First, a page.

The Role of OCTA in the Management of AMD and Geographic Atrophy
The Role of OCTA in the Management of AMD and Geographic Atrophy
The neovascular form of age-related macular degeneration (AMD) makes up 10% of all AMD but is responsible for up to 90% of all cases of AMD-related legal blindness.1 This disproportionate burden of vision loss is the reason why all clinicians must stay hyper-vigilant when managing AMD patients, identifying neovascularization early and initiating treatment promptly. OCT has revolutionized how we detect and manage neovascular AMD but OCT angiography (OCTA) systems such as the ZEISS CIRRUS AngioPlex®, continue to push the boundaries of ocular imaging so that clinicians can better care for these patients.
Advantages of OCTA in Age-related Macular Degeneration
Unlike dye-based angiography, such as fluorescein angiography, which uses an injectable dye and excitatory signals to image retinal vasculature, OCTA is a non-invasive modality for imaging ocular vasculature. OCTA takes advantage of motion-based variance of erythrocytes to generate depth encoded images of retinal and choroidal vasculature. OCTA is unaffected by dye accumulation or signal blunting from macular pigments, which makes it particularly useful for detailed macular vascular imaging. For these reasons, OCTA is an incredibly effective imaging modality for detecting and following macular neovascularization (MNV). [DE1] Unlike structural retinal OCT scans which are analyzed in cross-section, OCTA scans are evaluated as enface slabs. OCT angiograms provide structural OCT data and vascular OCTA data that can be analyzed simultaneously. This combination of angiographic and structural data allows for visualization of MNV, along with the resultant structural OCT changes that we are accustomed to seeing.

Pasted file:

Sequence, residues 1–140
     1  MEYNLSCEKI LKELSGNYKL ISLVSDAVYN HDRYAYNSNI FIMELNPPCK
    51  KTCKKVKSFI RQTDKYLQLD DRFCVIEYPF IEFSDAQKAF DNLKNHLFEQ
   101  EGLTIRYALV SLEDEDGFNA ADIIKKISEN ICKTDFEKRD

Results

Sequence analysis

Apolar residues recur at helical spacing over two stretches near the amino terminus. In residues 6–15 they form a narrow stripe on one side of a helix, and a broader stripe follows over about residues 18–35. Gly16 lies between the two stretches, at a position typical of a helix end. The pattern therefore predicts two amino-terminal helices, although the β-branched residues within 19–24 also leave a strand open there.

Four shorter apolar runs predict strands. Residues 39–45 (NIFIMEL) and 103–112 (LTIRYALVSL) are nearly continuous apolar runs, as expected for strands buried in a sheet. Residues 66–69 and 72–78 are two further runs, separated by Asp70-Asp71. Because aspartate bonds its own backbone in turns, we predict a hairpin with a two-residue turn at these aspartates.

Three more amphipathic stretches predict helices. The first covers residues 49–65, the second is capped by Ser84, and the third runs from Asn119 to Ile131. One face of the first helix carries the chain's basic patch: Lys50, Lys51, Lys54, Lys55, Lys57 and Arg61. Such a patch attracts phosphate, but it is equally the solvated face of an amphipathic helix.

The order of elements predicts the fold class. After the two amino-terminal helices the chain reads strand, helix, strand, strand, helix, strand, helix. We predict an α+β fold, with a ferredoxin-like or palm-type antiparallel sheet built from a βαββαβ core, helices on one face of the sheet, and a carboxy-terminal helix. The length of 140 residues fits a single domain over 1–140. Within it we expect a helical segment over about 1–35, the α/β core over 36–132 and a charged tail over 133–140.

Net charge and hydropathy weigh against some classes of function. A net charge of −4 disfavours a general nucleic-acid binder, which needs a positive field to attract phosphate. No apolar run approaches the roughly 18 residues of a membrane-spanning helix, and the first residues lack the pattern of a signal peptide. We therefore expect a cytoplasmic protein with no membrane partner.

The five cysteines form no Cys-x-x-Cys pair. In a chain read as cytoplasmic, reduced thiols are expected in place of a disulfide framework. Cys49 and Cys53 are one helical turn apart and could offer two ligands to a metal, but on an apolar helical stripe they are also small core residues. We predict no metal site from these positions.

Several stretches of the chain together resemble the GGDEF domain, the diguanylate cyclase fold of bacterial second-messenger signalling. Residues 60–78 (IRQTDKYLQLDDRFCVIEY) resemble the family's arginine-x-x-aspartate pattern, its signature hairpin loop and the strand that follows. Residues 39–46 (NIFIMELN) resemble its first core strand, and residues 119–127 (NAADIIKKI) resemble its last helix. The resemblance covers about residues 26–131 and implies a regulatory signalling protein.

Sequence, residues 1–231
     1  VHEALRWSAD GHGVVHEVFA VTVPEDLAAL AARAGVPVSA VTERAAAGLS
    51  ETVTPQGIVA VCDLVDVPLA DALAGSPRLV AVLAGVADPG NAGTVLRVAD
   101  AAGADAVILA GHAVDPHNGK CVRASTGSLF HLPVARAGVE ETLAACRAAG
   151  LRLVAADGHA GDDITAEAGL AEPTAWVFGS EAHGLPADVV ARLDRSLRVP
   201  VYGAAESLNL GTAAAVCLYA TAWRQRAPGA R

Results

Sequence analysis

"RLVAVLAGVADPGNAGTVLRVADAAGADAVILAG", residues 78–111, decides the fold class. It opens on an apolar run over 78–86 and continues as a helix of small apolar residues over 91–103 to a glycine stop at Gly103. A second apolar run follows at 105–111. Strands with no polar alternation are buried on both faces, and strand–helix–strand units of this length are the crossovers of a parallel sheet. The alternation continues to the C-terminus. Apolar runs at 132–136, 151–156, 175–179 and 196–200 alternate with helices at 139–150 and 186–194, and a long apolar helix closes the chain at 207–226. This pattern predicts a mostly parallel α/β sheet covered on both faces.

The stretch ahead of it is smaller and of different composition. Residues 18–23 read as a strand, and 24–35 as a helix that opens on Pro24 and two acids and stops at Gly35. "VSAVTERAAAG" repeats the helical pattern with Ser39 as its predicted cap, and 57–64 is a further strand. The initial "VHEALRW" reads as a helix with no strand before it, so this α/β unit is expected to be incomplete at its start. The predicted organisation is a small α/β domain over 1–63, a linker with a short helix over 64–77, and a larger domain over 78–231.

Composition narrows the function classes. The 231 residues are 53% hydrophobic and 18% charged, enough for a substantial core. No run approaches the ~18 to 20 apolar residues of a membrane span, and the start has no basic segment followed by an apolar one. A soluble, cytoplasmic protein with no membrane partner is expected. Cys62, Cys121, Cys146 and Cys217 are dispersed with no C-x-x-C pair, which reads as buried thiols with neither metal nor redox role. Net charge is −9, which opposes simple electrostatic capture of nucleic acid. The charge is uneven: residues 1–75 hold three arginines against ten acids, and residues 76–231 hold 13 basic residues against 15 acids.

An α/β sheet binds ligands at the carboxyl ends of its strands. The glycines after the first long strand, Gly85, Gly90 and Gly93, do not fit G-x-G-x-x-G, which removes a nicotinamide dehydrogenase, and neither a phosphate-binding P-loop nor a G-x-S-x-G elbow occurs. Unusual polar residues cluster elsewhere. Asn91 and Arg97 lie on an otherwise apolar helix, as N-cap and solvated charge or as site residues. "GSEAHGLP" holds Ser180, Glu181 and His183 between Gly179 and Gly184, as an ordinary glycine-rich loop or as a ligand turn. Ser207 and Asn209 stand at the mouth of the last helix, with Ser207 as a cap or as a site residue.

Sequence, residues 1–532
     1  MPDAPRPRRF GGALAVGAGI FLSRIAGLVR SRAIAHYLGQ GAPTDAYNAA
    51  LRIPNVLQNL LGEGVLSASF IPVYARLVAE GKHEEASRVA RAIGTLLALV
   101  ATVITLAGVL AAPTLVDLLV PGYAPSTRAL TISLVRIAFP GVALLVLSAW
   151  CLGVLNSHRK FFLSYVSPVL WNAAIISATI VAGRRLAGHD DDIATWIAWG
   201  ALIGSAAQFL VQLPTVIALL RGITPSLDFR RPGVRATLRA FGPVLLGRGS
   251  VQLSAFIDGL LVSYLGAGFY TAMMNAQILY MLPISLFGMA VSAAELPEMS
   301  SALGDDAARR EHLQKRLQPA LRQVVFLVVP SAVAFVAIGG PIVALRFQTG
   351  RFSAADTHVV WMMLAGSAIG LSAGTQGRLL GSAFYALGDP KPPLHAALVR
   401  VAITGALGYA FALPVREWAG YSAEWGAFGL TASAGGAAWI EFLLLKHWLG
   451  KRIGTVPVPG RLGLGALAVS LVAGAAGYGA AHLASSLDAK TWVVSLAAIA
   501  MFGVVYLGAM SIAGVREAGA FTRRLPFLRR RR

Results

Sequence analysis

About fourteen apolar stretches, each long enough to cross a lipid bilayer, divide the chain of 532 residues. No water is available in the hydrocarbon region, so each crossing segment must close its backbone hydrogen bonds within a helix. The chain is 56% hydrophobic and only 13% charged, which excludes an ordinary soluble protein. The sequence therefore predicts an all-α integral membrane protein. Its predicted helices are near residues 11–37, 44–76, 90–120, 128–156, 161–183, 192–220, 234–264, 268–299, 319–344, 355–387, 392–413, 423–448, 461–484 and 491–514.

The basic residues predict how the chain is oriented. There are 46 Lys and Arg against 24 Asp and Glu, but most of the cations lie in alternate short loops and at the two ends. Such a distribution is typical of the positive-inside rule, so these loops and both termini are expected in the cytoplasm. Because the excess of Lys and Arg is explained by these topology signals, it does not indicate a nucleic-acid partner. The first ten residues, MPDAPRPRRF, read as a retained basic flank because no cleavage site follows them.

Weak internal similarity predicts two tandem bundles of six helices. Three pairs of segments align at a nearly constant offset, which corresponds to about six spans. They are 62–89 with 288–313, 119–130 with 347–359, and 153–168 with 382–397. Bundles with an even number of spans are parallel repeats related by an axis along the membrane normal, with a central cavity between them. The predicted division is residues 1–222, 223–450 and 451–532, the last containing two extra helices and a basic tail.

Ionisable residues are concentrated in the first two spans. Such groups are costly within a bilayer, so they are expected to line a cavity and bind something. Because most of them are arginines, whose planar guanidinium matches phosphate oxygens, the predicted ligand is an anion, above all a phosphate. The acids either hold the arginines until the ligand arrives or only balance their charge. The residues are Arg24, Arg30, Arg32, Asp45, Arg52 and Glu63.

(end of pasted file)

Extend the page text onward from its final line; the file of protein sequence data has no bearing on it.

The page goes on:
Dye-based fluorescein angiography is often considered the gold standard for detecting MNV in AMD, but due to its invasive nature, it is often reserved for patients in which there is a relatively high suspicion for MNV. But some equivocal or high-risk cases might require MNV screening even though they do not reach the threshold for performing fluorescein angiography; for these cases we have OCTA.
Intermediate AMD eyes with intraretinal hyper-reflective foci, both large drusen and pigmentary changes, or neovascular AMD in the fellow eye are at especially high risk for conversion to neovascular AMD. These high-risk intermediate AMD eyes should be monitored carefully and considered for MNV screening to aid in the early detection of neovascular AMD.